To say it ruined our dinner plans would be the understatement of the year. In fact, it affected appetites for a few days. I’m getting a little queasy just telling you about it.
On the positive side, it was a real family bonding experience. Easily revealed is the true character of a person during an emergency plumbing crisis. Let’s just say we now know each other’s strengths and weaknesses. And we all have both!
Anyway, all of this brings up another story.
My mom and dad were born in the early 1920s. As a kid, I remember studying about the Great Depression of the 1930s. I once asked my parents to describe their experiences of living through this terrible time. Both responses were exactly the same. “We didn’t even know there was a depression. We were always poor. But we were happy. Nobody had anything, so it was no big deal for us,” they declared.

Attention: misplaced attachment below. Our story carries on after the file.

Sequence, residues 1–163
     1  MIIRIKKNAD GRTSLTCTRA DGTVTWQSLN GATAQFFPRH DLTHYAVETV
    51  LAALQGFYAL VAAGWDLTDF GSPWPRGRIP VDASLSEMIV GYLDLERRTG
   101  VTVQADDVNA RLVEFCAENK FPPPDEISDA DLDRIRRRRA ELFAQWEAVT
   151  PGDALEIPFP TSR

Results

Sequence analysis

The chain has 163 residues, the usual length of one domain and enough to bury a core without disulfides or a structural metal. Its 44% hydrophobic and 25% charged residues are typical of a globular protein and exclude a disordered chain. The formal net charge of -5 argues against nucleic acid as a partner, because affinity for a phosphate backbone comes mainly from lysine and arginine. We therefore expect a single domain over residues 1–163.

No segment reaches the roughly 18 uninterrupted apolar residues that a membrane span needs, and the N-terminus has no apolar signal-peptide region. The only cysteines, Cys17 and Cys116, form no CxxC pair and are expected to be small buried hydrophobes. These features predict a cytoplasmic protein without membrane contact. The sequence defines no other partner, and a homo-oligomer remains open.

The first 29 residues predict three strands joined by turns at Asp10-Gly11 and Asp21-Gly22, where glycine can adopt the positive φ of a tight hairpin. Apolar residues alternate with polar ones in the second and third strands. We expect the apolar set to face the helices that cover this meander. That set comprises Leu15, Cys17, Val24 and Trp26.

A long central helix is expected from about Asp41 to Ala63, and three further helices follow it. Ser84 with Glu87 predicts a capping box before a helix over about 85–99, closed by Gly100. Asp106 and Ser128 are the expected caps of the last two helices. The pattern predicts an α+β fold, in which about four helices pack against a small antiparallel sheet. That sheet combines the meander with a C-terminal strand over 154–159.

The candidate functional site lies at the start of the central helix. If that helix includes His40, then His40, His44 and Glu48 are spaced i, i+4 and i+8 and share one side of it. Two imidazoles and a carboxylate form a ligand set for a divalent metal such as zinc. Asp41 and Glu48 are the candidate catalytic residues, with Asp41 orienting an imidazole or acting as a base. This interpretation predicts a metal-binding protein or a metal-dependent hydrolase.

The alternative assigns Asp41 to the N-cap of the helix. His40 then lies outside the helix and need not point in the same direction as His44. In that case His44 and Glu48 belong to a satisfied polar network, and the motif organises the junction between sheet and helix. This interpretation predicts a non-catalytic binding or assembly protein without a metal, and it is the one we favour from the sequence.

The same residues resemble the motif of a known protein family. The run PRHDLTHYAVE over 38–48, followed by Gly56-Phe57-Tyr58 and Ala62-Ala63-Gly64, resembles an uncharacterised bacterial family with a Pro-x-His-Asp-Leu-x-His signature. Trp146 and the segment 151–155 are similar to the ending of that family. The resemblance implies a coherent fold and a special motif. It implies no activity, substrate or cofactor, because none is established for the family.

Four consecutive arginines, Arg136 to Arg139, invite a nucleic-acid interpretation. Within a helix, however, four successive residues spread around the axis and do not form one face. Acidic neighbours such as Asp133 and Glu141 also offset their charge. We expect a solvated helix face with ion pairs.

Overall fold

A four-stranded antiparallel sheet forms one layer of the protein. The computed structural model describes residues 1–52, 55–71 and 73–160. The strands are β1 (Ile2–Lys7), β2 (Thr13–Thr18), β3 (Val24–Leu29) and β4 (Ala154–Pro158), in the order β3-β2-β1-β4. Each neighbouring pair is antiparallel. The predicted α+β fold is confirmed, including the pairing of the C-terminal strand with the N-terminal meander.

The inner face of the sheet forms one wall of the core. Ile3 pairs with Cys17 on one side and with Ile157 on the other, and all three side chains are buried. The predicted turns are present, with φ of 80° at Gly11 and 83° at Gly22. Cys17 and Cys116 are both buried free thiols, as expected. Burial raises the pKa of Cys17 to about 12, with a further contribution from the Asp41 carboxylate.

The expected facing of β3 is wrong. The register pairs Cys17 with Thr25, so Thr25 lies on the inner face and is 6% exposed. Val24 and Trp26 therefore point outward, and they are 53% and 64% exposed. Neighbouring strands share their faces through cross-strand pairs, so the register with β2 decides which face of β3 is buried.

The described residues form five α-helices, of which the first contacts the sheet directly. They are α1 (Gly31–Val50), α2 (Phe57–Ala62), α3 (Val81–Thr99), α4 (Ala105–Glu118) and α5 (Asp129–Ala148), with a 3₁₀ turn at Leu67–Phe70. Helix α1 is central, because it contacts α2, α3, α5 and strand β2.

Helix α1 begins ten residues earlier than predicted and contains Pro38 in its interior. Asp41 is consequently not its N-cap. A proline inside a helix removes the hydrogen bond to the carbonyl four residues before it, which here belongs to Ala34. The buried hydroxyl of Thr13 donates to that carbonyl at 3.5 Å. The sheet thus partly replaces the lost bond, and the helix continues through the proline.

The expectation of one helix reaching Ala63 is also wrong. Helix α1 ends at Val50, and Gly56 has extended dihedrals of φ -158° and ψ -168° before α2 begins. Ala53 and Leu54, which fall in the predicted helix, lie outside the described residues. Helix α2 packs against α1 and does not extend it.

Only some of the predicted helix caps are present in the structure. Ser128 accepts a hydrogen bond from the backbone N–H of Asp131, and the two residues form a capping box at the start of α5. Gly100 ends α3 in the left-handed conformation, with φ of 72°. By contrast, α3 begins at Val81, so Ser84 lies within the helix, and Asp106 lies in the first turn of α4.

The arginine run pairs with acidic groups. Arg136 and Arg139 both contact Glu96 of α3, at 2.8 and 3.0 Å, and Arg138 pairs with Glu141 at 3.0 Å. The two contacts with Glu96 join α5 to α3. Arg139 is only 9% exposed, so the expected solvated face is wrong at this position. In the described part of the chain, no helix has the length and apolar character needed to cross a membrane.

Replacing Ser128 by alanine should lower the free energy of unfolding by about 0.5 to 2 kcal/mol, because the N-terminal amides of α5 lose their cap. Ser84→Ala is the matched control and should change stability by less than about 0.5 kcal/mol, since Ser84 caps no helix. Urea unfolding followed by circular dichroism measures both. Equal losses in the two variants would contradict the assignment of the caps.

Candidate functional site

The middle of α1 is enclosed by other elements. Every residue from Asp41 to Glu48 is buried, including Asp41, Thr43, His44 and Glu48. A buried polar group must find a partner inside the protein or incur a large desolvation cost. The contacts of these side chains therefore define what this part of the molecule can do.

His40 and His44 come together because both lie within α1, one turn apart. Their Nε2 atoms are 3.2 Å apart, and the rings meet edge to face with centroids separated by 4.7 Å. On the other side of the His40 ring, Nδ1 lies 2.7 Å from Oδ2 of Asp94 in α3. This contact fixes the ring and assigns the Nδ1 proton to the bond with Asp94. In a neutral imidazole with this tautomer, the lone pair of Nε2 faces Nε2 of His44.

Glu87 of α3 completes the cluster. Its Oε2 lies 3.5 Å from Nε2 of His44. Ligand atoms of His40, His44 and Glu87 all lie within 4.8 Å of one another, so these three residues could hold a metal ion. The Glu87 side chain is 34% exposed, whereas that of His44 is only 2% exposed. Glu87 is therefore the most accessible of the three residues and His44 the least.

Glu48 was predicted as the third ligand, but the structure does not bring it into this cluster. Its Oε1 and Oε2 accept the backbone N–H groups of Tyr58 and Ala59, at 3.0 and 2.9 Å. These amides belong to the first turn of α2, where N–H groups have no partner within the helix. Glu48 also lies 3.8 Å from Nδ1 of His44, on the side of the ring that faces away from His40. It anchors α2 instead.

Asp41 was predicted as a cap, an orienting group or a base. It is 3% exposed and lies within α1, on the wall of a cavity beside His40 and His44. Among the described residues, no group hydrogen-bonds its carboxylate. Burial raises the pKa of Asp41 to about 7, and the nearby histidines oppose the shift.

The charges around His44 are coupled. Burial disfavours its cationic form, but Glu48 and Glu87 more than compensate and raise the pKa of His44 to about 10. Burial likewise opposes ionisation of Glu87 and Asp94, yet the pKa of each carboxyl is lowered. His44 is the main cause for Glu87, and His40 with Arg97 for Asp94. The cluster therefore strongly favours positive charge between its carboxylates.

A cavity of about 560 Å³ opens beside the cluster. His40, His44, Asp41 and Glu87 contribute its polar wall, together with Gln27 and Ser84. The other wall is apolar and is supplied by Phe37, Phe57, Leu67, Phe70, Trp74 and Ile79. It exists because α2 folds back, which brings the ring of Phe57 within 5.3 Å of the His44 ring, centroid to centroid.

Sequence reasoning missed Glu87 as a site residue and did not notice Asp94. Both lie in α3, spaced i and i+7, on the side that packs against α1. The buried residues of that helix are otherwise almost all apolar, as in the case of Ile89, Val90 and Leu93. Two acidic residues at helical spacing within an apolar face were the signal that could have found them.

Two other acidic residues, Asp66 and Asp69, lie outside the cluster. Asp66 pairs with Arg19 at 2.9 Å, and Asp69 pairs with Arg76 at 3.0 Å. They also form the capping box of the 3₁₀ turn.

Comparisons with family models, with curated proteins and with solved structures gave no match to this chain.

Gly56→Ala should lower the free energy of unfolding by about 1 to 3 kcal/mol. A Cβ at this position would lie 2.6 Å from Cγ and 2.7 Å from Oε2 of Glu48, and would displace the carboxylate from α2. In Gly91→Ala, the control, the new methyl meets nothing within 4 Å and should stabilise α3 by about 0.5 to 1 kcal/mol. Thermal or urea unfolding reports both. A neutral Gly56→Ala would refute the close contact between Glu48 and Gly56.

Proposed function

Later, I remember studying about all the cool inventions since the beginning of the century. So, I asked my parents to share with me the greatest invention in their lifetime. Once again the response was the same for both of them.
My guess would have been things like electricity; or microwaves. How about the automobile? Surely it would be the telephone or the television.
Nope, none of these; not even close. For both of my parents, the over whelming answer was…. drum roll……indoor plumbing!
As Mom started explaining, I remember her much too vividly painting the picture of waking in the morning and having to walk outside in freezing cold to a stinking outhouse to do her business. I could feel her pain in her emotional explanation.
“Nooooo. Mooooomm waaaay tooooo much information!” I exclaim, as I covered my ears and immediately tried to get that mental image of mom out of my head.
But it began to make sense to me. Think about the convenience of water on demand or in her case, the toilet. No more traversing outside to hand pump water.